Major oil spill in Kansas creek shuts down Keystone pipeline

An oil spill in a creek in northeastern Kansas shut down a major pipeline that carries oil from Canada to the Texas Gulf Coast, briefly causing oil prices to rise Thursday. It is the largest for an onshore crude pipeline in more than nine years and by far the biggest in the history of the Keystone pipeline, according to federal data.

The cause of the leak, which occurred in Kansas about 20 miles (32 km) south of a key junction in Steele City, Nebraska, is unknown.

Canada-based TC Energy said it shut down its Keystone system Wednesday night following a drop in pipeline pressure. It said oil spilled into a creek in Washington County, Kansas, about 150 miles (240 kilometers) northwest of Kansas City.

The company on Thursday estimated the spill’s size at about 14,000 barrels, or 588,000 gallons, and said the affected pipeline segment had been “isolated” and the oil contained at the site with booms, or barriers. It did not say how the spill occurred. 

“People are sometimes not aware of the havoc that these things can wreak until the disaster happens,” said Zack Pistora, who lobbies the Kansas Legislature for the Sierra Club’s state chapter. 

Concerns that spills could pollute waterways spurred opposition to plans by TC Energy to build another crude oil pipeline in the Keystone system, the 1,200-mile (1,900-kilometer) Keystone XL, which would have cut across Montana, South Dakota and Nebraska. Critics also argued that using crude from western Canada’s oil sands would worsen climate change, and President Joe Biden’s cancelation of a U.S. permit for the project led the company to pull the plug last year.

In 2019, the Keystone pipeline leaked an estimated 383,000 gallons (1.4 million liters) of oil in eastern North Dakota.

There have been seven Keystone spills since it became operational in June 2010, according to PHMSA data. The largest were in December 2017, when more than 6,600 barrels spilled in South Dakota, according to PHMSA figures.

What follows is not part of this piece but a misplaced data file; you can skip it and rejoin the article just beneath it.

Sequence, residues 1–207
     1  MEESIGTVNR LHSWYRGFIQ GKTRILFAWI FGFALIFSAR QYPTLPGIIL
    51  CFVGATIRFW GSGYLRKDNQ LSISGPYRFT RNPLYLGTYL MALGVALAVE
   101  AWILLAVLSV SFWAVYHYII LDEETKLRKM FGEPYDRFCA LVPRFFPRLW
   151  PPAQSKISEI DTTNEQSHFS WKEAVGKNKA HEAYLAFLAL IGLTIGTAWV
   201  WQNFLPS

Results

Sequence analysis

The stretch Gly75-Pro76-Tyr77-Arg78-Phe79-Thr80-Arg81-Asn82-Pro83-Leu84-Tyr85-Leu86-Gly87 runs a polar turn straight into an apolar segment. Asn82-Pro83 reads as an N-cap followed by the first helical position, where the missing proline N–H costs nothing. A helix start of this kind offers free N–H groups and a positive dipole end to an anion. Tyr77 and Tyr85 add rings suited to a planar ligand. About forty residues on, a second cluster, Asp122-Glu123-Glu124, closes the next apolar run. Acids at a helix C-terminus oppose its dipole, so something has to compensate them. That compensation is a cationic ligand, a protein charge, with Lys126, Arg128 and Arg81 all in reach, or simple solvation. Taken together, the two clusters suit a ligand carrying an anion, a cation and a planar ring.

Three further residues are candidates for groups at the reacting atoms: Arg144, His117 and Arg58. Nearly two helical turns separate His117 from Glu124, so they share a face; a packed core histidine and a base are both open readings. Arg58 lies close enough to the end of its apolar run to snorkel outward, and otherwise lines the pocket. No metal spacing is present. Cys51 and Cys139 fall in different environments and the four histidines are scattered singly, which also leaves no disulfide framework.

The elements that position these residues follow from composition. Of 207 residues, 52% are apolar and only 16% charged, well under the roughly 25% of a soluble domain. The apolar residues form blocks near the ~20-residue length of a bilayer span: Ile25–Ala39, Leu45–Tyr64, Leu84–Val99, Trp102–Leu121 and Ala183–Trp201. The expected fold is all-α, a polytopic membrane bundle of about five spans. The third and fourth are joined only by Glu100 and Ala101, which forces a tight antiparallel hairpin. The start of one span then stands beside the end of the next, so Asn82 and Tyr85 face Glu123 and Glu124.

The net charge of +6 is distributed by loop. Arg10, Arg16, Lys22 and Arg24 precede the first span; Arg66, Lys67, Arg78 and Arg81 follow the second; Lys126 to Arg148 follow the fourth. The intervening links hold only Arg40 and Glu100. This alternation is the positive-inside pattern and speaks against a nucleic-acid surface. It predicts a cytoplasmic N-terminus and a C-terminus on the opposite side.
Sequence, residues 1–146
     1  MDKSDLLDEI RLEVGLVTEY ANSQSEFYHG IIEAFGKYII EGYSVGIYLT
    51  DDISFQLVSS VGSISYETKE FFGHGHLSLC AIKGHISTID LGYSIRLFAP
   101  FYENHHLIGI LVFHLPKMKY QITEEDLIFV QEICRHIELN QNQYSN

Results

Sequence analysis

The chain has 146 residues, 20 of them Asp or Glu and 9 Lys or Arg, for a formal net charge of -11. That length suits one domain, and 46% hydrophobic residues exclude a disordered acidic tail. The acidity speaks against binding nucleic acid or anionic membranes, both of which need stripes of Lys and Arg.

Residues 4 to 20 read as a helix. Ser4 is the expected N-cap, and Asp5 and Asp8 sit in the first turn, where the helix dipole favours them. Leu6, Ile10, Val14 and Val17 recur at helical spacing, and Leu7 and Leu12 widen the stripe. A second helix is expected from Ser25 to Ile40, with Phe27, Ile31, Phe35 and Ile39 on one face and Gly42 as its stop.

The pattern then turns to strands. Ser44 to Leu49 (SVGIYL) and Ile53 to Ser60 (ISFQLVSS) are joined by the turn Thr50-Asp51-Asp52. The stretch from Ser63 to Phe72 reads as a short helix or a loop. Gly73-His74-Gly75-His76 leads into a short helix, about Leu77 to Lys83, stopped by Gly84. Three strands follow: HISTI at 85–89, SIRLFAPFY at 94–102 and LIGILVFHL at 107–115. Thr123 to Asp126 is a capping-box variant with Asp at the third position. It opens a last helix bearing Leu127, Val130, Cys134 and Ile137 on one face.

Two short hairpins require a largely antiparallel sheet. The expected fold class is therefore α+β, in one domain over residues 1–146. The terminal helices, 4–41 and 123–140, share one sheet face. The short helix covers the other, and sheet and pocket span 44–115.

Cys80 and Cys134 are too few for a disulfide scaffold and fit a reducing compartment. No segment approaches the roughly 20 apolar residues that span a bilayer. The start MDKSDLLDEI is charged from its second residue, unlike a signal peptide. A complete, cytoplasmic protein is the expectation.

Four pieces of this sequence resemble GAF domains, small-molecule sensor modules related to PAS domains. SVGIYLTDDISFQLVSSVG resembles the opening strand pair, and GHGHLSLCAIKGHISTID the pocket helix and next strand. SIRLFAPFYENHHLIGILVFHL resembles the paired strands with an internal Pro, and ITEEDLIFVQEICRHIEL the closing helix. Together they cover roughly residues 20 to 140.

“It is troubling to see so many failures and so much oil spilled from any pipeline, but it is especially troubling from such a relatively new pipeline,” said Bill Caram, executive director of the nonprofit Pipeline Safety Trust, in a statement.

The spill comes about two months after TC said it would temporarily increase capacity on the system to test certain operations. TC has a special permit to operate Keystone at a higher stress level than other U.S. crude lines, according to a 2021 Government Accountability Office report.

Janet Kleeb, who founded the Bold Nebraska environmental and landowner rights group that campaigned against the Keystone XL, said there have been at least 22 spills along the original Keystone pipeline since it began service in 2010. She said federal studies have shown the type of heavy tar sands oil the pipeline carries can be especially difficult to clean up in water because it tends to sink. 

“All oil spills are difficult, but tar sands in particular are very toxic and very difficult, so I’m awfully concerned,” said Kleeb, who is also the Nebraska Democratic Party’s chair.

But the U.S. Environmental Protection Agency said there were no known effects yet on drinking water wells or the public, and the oil didn’t move from the creek to larger waterways. Randy Hubbard, the Washington County Emergency Management coordinator, said there were no evacuations ordered because the break occurred in rural pastureland.

TC Energy said it had set up environmental monitoring at the site, including around-the-clock air quality monitoring.

Source – Reuters